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Proceeding Paper

First Steps towards a Super-Compact In-Situ Laser-Induced-Incandescence Sensor System †

Department of Electronic Sensor Systems, Graz University of Technology, 8010 Graz, Austria
CTR Carinthian Tech Research AG, 9524 Villach, Austria
Author to whom correspondence should be addressed.
Presented at the Eurosensors 2018 Conference, Graz, Austria, 9–12 September 2018.
Proceedings 2018, 2(13), 1017;
Published: 2 April 2019
(This article belongs to the Proceedings of EUROSENSORS 2018)


To realize an actual in-situ Laser-Induced Incandescence (LII) sensor system for measurements in an exhaust pipe of a combustion engine, suitable components for such an application were chosen, integrated in a first prototype and tested. Key components for the proposed LII system are a super-compact high-power DPSS laser (CTR HiPoLas®) as excitation source, fast KETEK silicon photomultipliers (SiPM) as detectors and a specially designed optical measurement setup. Using a defined aerosol from a soot generator (Jing 5201 miniCAST), signals were collected at different laser energies and soot concentrations. By comparing the recorded behaviour with the literature, the incandescence effect could be reliably identified as the true source of the signal. Further long-term tests at an AVL engine testbed were performed.

1. Introduction

Laser-Induced Incandescence (LII) is a promising and widely known technology in science for studying soot in flames and aerosols and particles of other materials [1]. Its capability to measure different aerosol parameters simultaneously with high accuracies, and it ability to meet legally mandated limits, makes it of high interest for measuring soot concentrations in automotive exhausts [2]. Given by the fast nature of the LII process, single measurements are very short (few 100 ns). Thus, transient events, like fast changes in engine load and the thereby occurring short and high soot emissions, can be resolved with high accuracy. The limits to this are set by the repetition rate of the laser and the dynamics of the detectors and electronics used. LII is stimulated by a short, some ns long, laser pulse with an energy density of about 3–4 mJ/mm². While laser systems capable of producing this kind of pulses with a high frequency are nowadays commercially available, such laser systems are usually big, bulky devices that have to be operated under controlled conditions and maintained with care. CTR developed a super-compact laser measuring just a few cm that is capable of producing pulses suitable for LII excitation. Furthermore, having initially been developed as a laser spark plug, and tested recently for use as a laser ignition system (LIS) for the main and upper stage engines of ESA’s Ariane 6 launch vehicle, this device is very robust and easy in operation [3].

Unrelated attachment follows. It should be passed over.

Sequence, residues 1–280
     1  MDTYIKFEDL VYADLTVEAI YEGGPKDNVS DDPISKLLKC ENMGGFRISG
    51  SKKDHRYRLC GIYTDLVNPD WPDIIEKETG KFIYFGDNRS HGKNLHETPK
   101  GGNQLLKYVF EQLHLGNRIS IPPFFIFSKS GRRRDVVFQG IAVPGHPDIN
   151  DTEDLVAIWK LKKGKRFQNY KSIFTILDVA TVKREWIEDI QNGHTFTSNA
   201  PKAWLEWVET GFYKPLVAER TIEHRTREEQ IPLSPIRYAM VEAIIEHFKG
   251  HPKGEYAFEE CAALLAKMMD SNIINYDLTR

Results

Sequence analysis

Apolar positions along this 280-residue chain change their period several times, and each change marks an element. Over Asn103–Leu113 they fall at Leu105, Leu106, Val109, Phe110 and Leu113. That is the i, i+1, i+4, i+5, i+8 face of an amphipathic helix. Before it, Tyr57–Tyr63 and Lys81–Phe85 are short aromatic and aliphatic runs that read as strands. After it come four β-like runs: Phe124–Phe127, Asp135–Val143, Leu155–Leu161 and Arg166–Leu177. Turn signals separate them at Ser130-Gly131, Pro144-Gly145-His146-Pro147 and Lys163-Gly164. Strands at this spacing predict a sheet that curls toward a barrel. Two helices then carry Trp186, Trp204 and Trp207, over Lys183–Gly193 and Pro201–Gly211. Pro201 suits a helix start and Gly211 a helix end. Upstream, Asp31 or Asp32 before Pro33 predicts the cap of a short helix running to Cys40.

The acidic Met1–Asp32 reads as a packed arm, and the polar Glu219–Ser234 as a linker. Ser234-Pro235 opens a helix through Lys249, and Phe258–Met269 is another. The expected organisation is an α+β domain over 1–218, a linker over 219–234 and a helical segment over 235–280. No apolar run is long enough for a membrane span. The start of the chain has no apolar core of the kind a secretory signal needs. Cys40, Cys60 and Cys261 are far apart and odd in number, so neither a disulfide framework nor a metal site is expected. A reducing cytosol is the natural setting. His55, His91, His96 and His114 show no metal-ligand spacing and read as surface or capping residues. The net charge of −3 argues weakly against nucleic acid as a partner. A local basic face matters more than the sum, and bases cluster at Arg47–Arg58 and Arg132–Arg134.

Stimulated particle incandescence lasts for a few 100 ns and requires very sensitive and fast detectors for light detection. The usual choice are photo multiplier tubes (PMTs), which are suitably sensitive and fast, but hard to integrate into an in-situ field setup. However, recent developments made silicon photo multipliers (SiPMs) available at very low costs, which are highly robust against vibrations and show even better dynamic range. Around these major components, an optical setup within a measurement cell was designed and optimized for collection of LII signals. This setup was then used for extensive investigations into the capability of performing neat LII, with a view to the realization of a highly compact in-situ LII system applicable directly at an automotive exhaust pipe.
While appearing very simple—shoot a high-power laser on particles and detect their glowing—LII measurements are based on several interlinked, complex and fast processes. In general, four thermal transport processes must be considered [4,5]: absorption, radiation, sublimation and convection. The particles absorb the incoming laser pulse according to their material properties, are heated and emit blackbody radiation. This radiation release of thermal energy is the contribution we measure as “LII signal”. The main transport process of heat is convection, sublimation occurs mostly during the illumination with the laser pulse and shortly after [6]. So, the measured decay in the LII signal mainly depends on a combination of radiation and convection, whereby convection is the dominant process [4]. For analysis of these signals, these processes have to be modelled well and consider the dependencies on particle size and material [1,2,4,5,6,7]. The realization of any LII sensor system thus requires careful preparation and data analysis. Yet, since the behaviour of the LII signal in dependency of laser fluence, particle size and mass concentration is unique, it is possible to reliably differentiate the LII signal from e.g., light scattering of the laser excitation and thus survey the quality of the LII experiment.